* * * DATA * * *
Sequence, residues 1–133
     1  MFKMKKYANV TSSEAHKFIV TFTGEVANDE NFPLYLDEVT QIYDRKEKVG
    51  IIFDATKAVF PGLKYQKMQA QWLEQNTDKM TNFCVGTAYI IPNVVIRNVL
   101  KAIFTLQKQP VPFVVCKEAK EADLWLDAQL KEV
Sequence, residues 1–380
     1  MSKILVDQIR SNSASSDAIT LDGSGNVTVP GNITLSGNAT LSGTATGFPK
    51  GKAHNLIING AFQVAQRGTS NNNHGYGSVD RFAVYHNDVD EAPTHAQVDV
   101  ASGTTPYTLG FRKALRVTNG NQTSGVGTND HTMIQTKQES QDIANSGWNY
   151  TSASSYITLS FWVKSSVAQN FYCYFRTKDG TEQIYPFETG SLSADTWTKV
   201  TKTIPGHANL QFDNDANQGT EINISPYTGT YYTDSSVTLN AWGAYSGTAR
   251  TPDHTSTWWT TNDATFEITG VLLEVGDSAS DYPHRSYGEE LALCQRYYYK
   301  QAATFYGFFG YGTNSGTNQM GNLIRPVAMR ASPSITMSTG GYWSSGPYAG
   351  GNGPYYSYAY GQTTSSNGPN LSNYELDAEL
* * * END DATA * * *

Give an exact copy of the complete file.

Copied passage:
Sequence, residues 1–133
     1  MFKMKKYANV TSSEAHKFIV TFTGEVANDE NFPLYLDEVT QIYDRKEKVG
    51  IIFDATKAVF PGLKYQKMQA QWLEQNTDKM TNFCVGTAYI IPNVVIRNVL
   101  KAIFTLQKQP VPFVVCKEAK EADLWLDAQL KEV
Sequence, residues 1–380
     1  MSKILVDQIR SNSASSDAIT LDGSGNVTVP GNITLSGNAT LSGTATGFPK
    51  GKAHNLIING AFQVAQRGTS NNNHGYGSVD RFAVYHNDVD EAPTHAQVDV
   101  ASGTTPYTLG FRKALRVTNG NQTSGVGTND HTMIQTKQES QDIANSGWNY
   151  TSASSYITLS FWVKSSVAQN FYCYFRTKDG TEQIYPFETG SLSADTWTKV
   201  TKTIPGHANL QFDNDANQGT EINISPYTGT YYTDSSVTLN AWGAYSGTAR
   251  TPDHTSTWWT TNDATFEITG VLLEVGDSAS DYPHRSYGEE LALCQRYYYK
   301  QAATFYGFFG YGTNSGTNQM GNLIRPVAMR ASPSITMSTG GYWSSGPYAG
   351  GNGPYYSYAY GQTTSSNGPN LSNYELDAEL